Meanwhile, on board Ebon’s ship, Tony isn’t happy that Spider-Man came along on his space adventure (Tony, as my grandmother used to say, give a boy a space-suit and he’ll go to space. It’s an old Connemara proverb). But he puts Peter to work devising a strategy to rescue strange. Peter asks Tony if he’s seen that Alien movie where the alien gets sucked out into space.

“Gonna have to be more specific kid, that happens in literally every one.”

Peter’s knowledge of ancient movies from the before times comes in handy yet again and they blast Maw into space. Trouble is, they’re still rocketing through space towards a rendezvous with Thanos. Strange wants to turn tail and head back to Earth but Tony wants to use the opportunity to catch Thanos with his pants down, seriously underestimating the power and cunning of Thanos and his pants. Strange tells Tony that if things go South he’ll sell Tony and Peter out in a hot second if it means saving the time stone and Tony’s all “okay, maybe some team-building exercises are in order. Fall and I’ll catch you.”

Meanwhile, Thanos finds Gamora in his throne room and she tells him that she always hated his chair.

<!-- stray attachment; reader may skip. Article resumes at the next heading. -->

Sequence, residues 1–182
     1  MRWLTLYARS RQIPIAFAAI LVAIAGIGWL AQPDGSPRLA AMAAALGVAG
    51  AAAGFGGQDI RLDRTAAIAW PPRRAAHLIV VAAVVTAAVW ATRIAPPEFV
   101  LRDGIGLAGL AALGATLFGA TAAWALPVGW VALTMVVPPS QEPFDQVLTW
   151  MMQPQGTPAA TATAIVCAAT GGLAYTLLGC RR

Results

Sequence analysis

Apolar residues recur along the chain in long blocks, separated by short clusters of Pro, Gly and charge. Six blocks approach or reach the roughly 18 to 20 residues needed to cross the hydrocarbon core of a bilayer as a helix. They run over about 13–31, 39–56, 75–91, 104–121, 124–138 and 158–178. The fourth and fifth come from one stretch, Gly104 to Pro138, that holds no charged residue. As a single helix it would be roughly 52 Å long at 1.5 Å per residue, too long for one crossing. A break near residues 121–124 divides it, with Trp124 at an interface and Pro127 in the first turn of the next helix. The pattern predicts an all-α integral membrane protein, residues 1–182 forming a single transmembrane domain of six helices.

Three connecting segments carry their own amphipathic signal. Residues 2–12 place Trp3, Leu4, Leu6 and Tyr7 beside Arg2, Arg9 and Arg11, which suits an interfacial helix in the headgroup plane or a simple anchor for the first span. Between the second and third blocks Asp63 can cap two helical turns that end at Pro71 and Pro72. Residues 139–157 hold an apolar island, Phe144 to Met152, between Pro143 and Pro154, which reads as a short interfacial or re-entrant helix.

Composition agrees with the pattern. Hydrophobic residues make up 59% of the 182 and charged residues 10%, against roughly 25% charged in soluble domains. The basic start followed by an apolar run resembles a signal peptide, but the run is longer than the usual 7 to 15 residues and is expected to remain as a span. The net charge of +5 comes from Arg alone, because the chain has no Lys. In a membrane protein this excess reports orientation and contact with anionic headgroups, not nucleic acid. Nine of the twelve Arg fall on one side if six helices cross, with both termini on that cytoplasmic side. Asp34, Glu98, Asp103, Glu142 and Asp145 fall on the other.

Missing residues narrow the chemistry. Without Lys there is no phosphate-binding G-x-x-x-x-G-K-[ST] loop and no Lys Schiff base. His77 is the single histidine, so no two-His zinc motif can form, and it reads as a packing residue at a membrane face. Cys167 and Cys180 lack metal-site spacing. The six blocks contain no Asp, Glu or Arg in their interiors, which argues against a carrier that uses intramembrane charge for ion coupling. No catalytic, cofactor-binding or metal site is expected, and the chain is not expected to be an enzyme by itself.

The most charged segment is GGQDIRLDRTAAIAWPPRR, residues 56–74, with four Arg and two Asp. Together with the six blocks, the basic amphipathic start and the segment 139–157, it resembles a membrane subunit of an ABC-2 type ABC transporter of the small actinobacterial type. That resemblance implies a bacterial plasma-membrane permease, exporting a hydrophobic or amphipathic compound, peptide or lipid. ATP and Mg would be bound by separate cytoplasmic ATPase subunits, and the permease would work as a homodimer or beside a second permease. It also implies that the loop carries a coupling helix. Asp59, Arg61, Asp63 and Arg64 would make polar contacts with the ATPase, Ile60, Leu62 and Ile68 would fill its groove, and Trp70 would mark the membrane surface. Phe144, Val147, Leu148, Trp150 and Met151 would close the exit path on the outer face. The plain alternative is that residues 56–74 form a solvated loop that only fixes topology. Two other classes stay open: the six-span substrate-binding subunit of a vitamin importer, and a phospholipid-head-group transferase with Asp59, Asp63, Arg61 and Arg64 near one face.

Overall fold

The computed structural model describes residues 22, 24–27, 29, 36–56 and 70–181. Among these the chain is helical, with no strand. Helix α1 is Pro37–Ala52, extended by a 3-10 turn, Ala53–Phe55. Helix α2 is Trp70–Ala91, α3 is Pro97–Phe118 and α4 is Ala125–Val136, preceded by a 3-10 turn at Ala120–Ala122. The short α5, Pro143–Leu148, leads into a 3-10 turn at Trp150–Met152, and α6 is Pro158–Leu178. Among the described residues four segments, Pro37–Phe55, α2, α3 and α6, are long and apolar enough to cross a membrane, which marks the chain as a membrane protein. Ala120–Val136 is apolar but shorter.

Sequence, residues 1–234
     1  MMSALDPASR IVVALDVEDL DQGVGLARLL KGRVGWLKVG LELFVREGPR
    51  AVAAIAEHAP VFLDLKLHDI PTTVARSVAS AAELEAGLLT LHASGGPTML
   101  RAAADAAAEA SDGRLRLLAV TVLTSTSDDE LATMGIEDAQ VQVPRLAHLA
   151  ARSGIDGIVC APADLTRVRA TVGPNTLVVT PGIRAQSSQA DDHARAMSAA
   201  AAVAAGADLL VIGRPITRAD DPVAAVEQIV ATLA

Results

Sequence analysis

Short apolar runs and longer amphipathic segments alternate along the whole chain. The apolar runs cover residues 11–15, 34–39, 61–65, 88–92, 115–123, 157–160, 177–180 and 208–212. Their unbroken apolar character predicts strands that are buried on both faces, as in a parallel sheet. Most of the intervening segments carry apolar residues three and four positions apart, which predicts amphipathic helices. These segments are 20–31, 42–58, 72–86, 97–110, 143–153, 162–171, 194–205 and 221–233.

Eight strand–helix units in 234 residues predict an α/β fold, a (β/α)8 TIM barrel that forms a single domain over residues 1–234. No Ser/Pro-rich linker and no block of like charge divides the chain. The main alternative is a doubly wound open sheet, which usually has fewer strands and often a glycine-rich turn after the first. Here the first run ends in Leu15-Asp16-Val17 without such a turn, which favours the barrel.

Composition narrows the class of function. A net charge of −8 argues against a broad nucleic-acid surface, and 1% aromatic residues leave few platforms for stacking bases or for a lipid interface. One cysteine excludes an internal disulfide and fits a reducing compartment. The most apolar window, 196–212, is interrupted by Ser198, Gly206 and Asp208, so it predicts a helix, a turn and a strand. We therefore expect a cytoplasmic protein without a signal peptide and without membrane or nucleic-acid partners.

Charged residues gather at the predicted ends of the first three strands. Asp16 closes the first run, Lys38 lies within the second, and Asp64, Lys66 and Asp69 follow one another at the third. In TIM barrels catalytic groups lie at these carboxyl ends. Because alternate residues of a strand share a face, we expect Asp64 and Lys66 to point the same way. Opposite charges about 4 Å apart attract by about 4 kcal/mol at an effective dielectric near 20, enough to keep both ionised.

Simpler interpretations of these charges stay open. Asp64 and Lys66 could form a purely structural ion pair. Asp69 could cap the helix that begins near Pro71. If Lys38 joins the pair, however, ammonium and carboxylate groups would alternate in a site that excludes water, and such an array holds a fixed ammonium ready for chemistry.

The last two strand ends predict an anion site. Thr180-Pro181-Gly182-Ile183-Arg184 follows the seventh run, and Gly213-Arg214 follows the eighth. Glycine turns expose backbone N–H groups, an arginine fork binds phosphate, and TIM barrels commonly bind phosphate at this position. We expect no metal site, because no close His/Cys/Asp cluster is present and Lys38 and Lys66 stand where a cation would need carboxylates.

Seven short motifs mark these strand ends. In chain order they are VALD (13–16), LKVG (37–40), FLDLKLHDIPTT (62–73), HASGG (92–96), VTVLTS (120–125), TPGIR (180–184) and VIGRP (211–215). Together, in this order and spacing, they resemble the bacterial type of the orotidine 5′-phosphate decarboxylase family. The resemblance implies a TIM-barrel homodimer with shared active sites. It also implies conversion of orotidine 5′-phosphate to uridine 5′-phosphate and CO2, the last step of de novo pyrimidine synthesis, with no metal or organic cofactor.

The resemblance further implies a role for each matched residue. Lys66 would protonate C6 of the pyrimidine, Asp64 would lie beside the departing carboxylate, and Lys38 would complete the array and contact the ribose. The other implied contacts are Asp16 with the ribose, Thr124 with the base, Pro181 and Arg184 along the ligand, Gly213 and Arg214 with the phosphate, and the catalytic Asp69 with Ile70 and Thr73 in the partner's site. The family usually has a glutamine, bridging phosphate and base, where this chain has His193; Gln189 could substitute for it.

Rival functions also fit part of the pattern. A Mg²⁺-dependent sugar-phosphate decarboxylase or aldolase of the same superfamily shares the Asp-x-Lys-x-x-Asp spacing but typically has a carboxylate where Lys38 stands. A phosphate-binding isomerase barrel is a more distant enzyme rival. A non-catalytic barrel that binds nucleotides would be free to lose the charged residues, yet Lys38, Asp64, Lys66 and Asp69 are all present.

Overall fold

“You just sat there. Doing nothing. FOR YEARS!”

She tells Thanos that being raised by him was a never-ending nightmare and he says “Well yeah, but Christmas was always fun, right?”

Oh yes. Thanos, despite raising Gamora to be his personal space-ninja assassin, always made sure to celebrate Christmas with her. Oh you don’t believe me? You think I’m making that up? Oh dear, if only I just happened to have a comic panel to hand from thirty years ago proving me right PSYCHE

Shit’s canon, bro.

Because it’s not a family reunion in the Thanos household without Nebula getting tortured, Thanos reveals to Gamora that he’s captured her sister and tortures her until Gamora finally reveals the location of the Soul Stone. It’s a heart wrenching scene, excellently building off the relationship between Nebula and Gamora established at the end of Guardians 2.

On the way to Nidavellir Rocket (of all people) decides that Thor needs to open up about his feelings and asks him if he’s okay.